Sunday, November 22, 2009

100k on Sunday, PT Test on Monday

On Sunday my bike buddy had to cancel our plans to ride 100 miles, so I decided to ride 100km. It was a beautiful day yesterday so I did three laps of the base then stopped for lunch. I did another lap then met up with the HHC first sergeant to make sure of road guard placement for the race on Thursday. My first sergeant was part of the meeting also. He told me that I had to take the PT Test in the morning--this morning. So I decided to finish the 100km and use 6.2 of the last 15 miles to time myself on the bike distance for the PT Test.

So I got up at 0440 and went to the gym to take the PT Test at 0530. The first event is the pushup. I need to do 56 in two minutes to max--get 100 points for the event. I got 49. Not bad. I was tired. I have done 56 when I felt really good, but after the 100km ride, I did not feel "really good." The situps were next. I needed 66. I got 66 in a minute, 50 seconds. Because I am over 55 I can take an alternative to the run. For the bike I have to ride 10km in 30 minutes. I am not allowed to change gears--which is fine since I have single-speed bikes. I rode the 6.2 mile course with 7 turn arounds in 20:03 on the road bike. For the PT Test, I ode the mountain bike and finished in 22:37.

I expected to have a full day's rest before the PT Test. I didn't. It's nice to know that I can score 288 out of 300 on a day when I am tired and haven't had much sleep. But I was wiped out afterward. I worked in the morning, but felt like I had cotton inside my skull. I took a nap at lunch.

Now I have to just be cool till Thursday morning and the race.

The Kid Who Wanted to Play Army

I recently sent a bunch of "friend" messages to high school classmates who are on Fcebook. I left home when I enlisted almost 40 years ago and have been mostly out of touch with Stoneham ever since. But now I am looking forward to my 40th reunion in 2011.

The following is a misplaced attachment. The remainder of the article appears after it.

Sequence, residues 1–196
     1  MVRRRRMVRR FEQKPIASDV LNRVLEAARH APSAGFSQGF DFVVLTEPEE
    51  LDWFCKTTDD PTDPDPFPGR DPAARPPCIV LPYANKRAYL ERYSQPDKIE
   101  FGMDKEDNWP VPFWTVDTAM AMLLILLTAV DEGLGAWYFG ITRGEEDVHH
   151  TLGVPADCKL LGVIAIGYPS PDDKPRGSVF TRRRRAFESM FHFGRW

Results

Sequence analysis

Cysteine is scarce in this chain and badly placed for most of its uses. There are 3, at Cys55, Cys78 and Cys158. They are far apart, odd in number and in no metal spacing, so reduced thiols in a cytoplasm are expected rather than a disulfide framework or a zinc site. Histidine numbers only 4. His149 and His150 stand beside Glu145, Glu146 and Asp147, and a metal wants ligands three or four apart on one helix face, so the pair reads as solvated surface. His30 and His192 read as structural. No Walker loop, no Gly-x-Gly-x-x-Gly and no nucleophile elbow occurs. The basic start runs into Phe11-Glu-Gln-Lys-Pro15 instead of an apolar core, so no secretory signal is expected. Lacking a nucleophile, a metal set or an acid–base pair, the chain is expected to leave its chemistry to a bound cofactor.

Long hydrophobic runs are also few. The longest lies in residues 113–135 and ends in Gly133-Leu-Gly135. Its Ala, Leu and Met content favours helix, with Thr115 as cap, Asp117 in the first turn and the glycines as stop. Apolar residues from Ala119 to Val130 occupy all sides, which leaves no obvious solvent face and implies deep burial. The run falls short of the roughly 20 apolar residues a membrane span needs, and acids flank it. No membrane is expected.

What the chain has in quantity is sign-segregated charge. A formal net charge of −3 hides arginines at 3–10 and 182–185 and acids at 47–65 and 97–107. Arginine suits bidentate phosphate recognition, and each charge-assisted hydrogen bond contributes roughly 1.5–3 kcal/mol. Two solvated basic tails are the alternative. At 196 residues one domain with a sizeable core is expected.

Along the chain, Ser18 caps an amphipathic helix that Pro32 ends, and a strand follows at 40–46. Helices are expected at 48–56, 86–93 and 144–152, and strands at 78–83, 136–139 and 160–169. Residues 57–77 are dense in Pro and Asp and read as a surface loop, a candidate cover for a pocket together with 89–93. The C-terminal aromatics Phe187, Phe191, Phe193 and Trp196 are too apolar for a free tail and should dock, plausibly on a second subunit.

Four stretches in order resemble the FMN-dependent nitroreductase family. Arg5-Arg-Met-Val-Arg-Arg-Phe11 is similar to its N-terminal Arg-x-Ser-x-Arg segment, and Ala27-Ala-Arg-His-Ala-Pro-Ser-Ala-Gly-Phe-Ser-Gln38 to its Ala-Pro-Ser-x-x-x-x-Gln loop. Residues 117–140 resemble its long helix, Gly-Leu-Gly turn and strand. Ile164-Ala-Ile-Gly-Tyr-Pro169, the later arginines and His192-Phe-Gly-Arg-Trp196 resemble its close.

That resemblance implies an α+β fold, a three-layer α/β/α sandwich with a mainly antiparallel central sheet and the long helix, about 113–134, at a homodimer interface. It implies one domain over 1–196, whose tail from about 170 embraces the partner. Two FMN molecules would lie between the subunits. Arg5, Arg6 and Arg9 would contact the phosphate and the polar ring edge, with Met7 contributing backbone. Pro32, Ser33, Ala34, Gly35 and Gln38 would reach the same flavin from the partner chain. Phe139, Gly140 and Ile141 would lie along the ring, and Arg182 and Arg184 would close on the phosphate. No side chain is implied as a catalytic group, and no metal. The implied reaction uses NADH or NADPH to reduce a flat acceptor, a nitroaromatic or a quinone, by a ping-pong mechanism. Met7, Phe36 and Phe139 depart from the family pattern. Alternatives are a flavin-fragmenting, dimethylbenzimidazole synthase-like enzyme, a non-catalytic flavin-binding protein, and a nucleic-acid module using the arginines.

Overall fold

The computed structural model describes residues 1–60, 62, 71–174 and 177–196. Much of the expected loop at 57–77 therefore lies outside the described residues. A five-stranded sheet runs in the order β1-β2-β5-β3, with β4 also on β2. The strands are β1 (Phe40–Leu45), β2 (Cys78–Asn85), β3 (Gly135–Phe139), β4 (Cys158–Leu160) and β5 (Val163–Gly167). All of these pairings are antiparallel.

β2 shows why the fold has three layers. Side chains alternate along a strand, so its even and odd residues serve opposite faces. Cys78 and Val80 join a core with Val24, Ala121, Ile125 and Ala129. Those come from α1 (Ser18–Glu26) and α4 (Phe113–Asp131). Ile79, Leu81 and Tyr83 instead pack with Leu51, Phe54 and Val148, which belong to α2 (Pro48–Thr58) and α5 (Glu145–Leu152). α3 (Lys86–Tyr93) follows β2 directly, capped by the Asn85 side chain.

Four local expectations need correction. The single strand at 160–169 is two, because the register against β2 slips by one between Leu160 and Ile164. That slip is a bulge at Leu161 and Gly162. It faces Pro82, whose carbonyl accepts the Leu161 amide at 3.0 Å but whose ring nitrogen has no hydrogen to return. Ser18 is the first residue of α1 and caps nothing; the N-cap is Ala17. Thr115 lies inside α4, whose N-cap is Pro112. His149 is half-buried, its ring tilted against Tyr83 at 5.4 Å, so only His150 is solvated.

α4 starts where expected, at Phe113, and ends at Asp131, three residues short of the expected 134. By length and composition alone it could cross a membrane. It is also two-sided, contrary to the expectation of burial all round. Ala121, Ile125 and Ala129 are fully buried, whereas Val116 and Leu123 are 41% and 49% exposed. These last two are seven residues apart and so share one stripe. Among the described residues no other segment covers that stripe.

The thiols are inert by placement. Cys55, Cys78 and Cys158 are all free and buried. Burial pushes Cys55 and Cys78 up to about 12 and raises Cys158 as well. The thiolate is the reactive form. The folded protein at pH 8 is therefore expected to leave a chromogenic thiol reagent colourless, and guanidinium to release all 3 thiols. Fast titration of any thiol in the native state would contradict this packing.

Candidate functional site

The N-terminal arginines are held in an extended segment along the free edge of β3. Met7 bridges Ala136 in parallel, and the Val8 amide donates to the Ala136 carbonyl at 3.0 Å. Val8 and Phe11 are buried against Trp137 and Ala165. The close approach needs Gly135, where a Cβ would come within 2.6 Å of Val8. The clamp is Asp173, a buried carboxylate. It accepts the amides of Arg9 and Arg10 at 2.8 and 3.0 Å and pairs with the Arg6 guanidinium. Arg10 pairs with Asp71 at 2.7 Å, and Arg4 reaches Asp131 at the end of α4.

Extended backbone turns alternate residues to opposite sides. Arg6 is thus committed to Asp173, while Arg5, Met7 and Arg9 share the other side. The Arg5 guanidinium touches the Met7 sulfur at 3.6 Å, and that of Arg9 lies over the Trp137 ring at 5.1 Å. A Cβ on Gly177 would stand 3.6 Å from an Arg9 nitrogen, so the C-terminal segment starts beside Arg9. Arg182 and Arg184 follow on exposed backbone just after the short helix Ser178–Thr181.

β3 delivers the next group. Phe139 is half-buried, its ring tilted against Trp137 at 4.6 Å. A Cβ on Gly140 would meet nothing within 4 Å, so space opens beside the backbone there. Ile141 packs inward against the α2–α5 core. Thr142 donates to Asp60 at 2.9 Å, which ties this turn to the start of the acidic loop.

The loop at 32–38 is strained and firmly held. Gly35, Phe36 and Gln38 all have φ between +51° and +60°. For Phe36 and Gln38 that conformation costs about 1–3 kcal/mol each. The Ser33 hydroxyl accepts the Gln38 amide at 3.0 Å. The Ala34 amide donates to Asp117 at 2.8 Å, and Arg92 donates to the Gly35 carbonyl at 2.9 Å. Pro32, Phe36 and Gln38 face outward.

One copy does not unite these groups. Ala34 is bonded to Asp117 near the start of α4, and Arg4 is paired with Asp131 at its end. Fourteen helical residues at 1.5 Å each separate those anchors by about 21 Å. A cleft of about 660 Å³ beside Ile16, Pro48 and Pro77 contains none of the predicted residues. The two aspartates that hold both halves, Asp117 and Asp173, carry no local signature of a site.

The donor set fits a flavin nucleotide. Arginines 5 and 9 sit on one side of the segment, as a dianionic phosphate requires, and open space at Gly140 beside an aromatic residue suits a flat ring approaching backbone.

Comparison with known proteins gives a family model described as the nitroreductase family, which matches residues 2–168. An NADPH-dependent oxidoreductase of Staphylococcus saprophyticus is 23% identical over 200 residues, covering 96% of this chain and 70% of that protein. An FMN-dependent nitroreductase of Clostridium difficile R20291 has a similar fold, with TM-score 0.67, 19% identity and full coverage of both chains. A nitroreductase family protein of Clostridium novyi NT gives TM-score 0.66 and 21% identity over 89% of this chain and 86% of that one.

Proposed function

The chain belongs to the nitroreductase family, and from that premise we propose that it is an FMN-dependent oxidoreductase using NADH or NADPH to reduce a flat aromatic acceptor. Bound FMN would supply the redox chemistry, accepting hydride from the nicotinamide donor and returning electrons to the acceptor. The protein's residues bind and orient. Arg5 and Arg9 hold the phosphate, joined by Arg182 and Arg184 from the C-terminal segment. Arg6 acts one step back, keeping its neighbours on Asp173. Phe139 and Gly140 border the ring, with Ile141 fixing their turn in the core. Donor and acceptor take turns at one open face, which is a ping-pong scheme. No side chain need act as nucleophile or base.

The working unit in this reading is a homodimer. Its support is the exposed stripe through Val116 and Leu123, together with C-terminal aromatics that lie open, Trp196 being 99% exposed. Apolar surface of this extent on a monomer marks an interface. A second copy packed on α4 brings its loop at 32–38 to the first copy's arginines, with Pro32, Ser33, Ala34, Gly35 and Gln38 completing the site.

Being over here made me think more about high school and how life twists and turns. In September, when I started writing stories that got picked up on the Web across the world, my friend Meredith Gould reminded me that "wherever you go, there you are." Taking a year off from public relations had the result of me getting more stories published than in any two-month period in my life. So I go 6,000 miles from my writing job and--here I am.

Steve Thorley, a neighbor on Oak Street who graduated in 1973, wrote to me on Facebook remembering me as the kid who always wanted to play Army--even when the other kids had moved on to stick and ball sports. At six or seven, I was the kid with the toy gun. And here I am, fifty years later, back in the Army and carrying a gun, when every other soldier in my age group has long since left the Army or is retired. I left the Army in 1984 because I wanted to be a writer and thought the commitment the Reserves required would mean I could not both become a writer and be a soldier. Turns out I would have been OK.

My wife Annalisa, following Steven Covey and philosophers all the way back to Aristotle, thinks we are defined by out habits. CS Lewis agrees. He says real virtue must become habit. It must not be simply an act of will, but virtue should train the will to respond correctly.

I have written recently that I had a soldier's reaction in situations where a public relations manager would do something different. My habits right now say I am a writer and a soldier and they do not seem mutually exclusive. So I am both the man who is observing intently to get the right detail for the story or the right picture to go with it. And I have the habits of a man who safely carries a weapon everywhere every day and who reacts to do the right thing for his soldiers first and get the story second.